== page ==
PARABLES IN LUKE

 

Dr. Jack L. Arnold

Lesson 1

 

THE PARABLE OF THE SEARCHING FATHER

Luke 15:1-7

 

                        What does it mean to be lost?  In our Christian circles, we talk about sinners being lost all the time, but do we understand what it means? For instance, when someone is lost in the woods for three days, we can say he is confused as to directions, a stranger to his environment, frustrated as to his very purpose for existence, separated from loved ones and tired, hungry and beat. A lost person’s mind is occupied with survival and with the burning desire to be found and go home.

                        So it is with a lost person in a spiritual sense. A person outside of Jesus Christ is confused as to his real direction and purpose in life, for he does not know that there is more to life than physical and material pursuits. A lost person is a stranger to God and he is not operating in the spiritual environment for which he was originally created. A lost person is spiritually separated from God because of sin and is frustrated with life, having more questions than answers. Often people who are lost are tired of existence, hungry for reality and beat down by the cruel ways of life. The one goal of a person who is lost in the woods is to be found. He begins to seek any and every way to survive so he can be found and rescued. So it is with many a lost person spiritually. They begin to hunger for reality and search for the true meaning of life, and if they search diligently, they will find the meaning in the person of Jesus Christ and His work on the Cross.

                        Today we want to deal with a parable which tells us about what it is like to be spiritually lost and what it means to be spiritually found.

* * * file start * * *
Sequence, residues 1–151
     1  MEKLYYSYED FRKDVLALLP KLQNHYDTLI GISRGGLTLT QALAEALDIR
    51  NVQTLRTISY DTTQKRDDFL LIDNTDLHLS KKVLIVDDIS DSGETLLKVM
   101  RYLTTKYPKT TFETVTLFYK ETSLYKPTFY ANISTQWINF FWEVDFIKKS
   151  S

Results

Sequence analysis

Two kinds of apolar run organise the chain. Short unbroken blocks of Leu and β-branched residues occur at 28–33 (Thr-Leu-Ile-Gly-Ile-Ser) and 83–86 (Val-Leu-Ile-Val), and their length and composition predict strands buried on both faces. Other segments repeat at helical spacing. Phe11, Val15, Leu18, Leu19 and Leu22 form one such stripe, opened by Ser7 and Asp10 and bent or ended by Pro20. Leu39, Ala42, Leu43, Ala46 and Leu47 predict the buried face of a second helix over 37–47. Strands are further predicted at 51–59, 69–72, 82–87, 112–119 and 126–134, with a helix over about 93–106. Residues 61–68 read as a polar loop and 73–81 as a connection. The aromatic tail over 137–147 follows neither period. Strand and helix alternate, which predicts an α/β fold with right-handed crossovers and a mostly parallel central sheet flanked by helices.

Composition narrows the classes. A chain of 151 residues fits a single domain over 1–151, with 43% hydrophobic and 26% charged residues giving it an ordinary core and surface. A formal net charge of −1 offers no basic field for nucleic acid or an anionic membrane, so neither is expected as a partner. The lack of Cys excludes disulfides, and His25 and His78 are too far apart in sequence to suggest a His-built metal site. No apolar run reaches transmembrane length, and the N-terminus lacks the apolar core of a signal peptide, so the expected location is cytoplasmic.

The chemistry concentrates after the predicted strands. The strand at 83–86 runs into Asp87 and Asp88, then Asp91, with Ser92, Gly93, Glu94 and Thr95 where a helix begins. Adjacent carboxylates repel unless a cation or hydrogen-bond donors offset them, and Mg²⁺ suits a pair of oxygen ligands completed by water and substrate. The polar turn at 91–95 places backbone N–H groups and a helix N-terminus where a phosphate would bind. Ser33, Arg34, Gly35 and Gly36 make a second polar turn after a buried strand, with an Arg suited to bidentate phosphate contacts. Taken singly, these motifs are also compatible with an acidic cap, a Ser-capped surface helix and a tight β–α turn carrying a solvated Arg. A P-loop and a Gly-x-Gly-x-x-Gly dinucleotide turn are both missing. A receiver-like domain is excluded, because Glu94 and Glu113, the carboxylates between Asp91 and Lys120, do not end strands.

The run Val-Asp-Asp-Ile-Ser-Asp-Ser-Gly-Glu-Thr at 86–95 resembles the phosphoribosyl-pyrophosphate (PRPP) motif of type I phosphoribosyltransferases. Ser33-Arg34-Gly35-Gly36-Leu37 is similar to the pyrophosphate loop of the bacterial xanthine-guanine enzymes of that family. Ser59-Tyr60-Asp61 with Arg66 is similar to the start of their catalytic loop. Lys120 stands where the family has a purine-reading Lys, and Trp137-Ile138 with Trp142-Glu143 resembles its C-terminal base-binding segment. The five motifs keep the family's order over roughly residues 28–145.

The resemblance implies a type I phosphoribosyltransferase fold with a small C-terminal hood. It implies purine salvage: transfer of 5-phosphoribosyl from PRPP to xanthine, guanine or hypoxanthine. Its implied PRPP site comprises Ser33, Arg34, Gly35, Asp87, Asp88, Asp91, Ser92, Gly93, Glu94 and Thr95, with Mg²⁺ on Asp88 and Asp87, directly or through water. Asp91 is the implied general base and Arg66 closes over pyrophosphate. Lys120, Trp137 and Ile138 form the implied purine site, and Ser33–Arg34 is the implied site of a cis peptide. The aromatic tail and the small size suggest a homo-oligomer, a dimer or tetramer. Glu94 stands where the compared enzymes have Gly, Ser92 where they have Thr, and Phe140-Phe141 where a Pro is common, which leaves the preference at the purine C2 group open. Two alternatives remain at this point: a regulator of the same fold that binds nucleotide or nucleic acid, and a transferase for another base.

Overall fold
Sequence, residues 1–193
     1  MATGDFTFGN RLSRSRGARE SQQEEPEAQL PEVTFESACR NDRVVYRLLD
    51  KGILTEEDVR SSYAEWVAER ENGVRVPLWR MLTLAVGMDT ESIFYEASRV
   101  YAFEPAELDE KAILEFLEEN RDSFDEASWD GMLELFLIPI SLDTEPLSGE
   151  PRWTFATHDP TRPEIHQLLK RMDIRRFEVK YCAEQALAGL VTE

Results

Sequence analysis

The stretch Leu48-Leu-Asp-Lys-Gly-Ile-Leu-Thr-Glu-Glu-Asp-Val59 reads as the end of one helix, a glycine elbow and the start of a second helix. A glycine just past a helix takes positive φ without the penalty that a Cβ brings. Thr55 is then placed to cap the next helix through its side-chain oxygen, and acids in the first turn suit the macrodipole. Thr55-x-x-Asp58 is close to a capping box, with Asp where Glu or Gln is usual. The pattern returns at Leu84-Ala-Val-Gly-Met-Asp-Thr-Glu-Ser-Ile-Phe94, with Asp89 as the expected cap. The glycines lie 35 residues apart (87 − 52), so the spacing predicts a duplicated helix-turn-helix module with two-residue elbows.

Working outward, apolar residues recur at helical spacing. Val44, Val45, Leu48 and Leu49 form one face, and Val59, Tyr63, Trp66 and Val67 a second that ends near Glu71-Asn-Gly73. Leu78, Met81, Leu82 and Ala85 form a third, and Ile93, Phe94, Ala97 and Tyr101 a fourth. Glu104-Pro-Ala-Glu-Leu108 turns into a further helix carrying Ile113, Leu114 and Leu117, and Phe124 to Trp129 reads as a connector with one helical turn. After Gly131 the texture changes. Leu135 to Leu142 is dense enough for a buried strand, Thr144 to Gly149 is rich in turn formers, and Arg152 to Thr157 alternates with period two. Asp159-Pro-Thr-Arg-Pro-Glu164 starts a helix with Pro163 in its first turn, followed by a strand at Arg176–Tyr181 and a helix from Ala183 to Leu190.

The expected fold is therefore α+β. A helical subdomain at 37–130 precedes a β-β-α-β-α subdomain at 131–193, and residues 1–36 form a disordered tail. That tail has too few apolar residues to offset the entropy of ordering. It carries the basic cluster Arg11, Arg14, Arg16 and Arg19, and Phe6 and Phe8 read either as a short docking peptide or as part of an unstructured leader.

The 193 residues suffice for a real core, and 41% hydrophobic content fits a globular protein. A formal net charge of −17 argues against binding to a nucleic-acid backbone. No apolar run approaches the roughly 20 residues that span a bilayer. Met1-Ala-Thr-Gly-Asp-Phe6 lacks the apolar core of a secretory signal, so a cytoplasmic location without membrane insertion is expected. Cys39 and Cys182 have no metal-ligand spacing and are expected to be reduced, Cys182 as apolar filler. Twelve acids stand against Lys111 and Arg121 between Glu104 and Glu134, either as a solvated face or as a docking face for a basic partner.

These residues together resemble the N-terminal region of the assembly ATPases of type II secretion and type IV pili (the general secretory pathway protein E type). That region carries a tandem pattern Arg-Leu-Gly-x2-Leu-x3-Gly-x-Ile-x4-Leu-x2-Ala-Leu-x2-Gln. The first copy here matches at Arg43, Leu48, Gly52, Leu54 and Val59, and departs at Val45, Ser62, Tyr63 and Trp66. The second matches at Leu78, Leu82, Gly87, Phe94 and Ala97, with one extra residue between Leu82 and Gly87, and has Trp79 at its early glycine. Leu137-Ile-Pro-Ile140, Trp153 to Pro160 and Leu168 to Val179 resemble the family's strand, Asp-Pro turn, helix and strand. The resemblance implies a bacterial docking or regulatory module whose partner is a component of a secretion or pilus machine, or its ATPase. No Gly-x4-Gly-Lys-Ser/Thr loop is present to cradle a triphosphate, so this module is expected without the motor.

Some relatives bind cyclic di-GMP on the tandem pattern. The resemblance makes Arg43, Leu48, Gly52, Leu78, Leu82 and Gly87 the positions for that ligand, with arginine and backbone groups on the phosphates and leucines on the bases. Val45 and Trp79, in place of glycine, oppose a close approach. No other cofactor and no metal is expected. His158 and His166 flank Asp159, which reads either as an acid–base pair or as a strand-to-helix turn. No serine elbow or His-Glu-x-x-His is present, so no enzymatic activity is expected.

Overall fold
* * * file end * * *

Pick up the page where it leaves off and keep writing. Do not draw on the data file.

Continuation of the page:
THE PARABLE OF THE SEARCHING FATHER or THE PARABLE OF THE LOST SHEEP (Luke 15:1-7)

 

                        The God of heaven and earth seeks after wayward sinners, causing them to seek Christ, and God rejoices when He finds them.

                        The purpose of this parable is to stress God’s grace and the sinner’s misery until he is found by God. It also stresses the divine side of salvation giving us a glimpse into God’s heart attitude and activity in saving the lost. The emphasis of this parable is not on man’s responsibility but upon God’s work, although repentance is mentioned.

                        The characters are the “tax gatherers” and “sinners” who represent men who deserve nothing from God but judgment. God gives them a general call to believe and trust in Jesus and all who believe the gospel call shall be saved.

                        The “ninety-nine sheep” represent the Pharisees and scribes who were part of God’s covenant in an external sense but were not truly saved. They were trusting their good works and had never truly repented.

                        The “man” represents God or Christ who is the Shepherd of His sheep and knows each one by name.

                        The “one sheep” represents one of God’s elect who has not yet been saved but God gives him a sovereign call to salvation.